Investing should be easy – just buy low and sell high – but most of us have trouble following that simple advice. There are principles and strategies that may enable you to put together an investment portfolio that reflects your risk tolerance, time horizon, and goals. Understanding these principles and strategies can help you avoid some of the pitfalls that snare some investors.
$1 million in a diversified portfolio could help finance part of your retirement.
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It's important to understand how inflation is reported and how it can affect investments.
Understanding how a stock works is key to understanding your investments.
Each day, the Fed is behind the scenes supporting the economy and providing services to the U.S. financial system.
You face a risk for which the market does not compensate you, that can not be easily reduced through diversification.
For some, the social impact of investing is just as important as the return, perhaps more important.
This worksheet can help you estimate the costs of a four-year college program.
This calculator can help you estimate how much you should be saving for college.
Use this calculator to better see the potential impact of compound interest on an asset.
This calculator helps determine your pre-tax and after-tax dividend yield on a particular stock.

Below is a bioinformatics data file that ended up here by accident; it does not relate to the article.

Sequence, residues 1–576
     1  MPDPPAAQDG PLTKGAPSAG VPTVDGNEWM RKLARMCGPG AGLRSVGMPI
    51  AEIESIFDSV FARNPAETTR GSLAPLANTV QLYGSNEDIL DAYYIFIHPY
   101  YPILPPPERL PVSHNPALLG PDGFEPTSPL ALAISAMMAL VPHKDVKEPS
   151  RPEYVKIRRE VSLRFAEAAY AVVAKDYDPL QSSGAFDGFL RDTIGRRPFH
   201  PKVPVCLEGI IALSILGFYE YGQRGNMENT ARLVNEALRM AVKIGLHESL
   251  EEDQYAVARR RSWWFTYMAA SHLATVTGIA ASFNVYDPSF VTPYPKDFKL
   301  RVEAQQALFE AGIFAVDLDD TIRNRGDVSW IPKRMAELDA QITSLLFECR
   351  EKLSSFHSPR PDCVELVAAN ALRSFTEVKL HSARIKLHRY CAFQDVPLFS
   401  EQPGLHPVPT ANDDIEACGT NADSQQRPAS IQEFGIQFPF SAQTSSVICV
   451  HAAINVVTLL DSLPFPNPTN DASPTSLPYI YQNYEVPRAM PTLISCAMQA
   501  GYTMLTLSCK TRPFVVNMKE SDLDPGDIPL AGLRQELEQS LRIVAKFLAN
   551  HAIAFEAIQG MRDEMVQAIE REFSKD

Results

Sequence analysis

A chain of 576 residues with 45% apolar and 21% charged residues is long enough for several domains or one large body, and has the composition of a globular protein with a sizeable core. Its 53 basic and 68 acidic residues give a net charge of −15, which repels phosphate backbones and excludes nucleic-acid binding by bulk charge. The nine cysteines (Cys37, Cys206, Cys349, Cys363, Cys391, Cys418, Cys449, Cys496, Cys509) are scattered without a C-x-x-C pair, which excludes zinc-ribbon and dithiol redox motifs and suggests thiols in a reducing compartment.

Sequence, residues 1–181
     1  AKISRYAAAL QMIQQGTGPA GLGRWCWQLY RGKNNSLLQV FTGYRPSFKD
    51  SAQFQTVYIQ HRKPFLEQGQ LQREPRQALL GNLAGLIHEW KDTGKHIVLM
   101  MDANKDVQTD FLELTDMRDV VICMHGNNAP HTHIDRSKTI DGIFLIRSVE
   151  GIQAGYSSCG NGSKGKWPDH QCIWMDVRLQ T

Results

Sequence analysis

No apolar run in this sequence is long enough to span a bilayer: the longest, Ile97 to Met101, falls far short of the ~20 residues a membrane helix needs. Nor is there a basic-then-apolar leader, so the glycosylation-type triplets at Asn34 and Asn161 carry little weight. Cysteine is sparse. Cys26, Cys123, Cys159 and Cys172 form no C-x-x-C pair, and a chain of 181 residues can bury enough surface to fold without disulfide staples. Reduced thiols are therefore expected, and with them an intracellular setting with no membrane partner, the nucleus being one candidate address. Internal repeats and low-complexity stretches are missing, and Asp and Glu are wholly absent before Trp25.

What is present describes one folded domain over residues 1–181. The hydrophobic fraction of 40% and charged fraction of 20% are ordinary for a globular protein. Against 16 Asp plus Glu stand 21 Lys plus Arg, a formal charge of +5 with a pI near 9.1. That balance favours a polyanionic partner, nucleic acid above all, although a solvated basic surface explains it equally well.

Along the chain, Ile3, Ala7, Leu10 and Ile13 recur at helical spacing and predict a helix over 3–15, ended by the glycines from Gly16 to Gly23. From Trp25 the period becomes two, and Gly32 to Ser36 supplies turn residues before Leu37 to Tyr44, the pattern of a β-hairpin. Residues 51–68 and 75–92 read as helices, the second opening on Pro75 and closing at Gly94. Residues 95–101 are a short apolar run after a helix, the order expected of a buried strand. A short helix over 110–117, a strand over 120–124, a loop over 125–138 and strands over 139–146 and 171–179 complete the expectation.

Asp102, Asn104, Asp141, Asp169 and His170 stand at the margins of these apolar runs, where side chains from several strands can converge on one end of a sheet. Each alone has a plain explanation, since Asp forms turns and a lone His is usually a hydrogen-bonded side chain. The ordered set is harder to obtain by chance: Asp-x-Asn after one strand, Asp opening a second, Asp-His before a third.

Determine if you are eligible to contribute to a traditional or Roth IRA.
Estimate the potential impact taxes and inflation can have on the purchasing power of an investment.
This questionnaire will help determine your tolerance for investment risk.
There are some smart strategies that may help you pursue your investment objectives
Principles that can help create a portfolio designed to pursue investment goals.
Pundits say a lot of things about the markets. Let's see if you can keep up.
What if instead of buying that vacation home, you invested the money?
Agent Jane Bond is on the case, cracking the code on bonds.
All about how missing the best market days (or the worst!) might affect your portfolio.
Savvy investors take the time to separate emotion from fact.
Learning more about gold and its history may help you decide whether it has a place in your portfolio.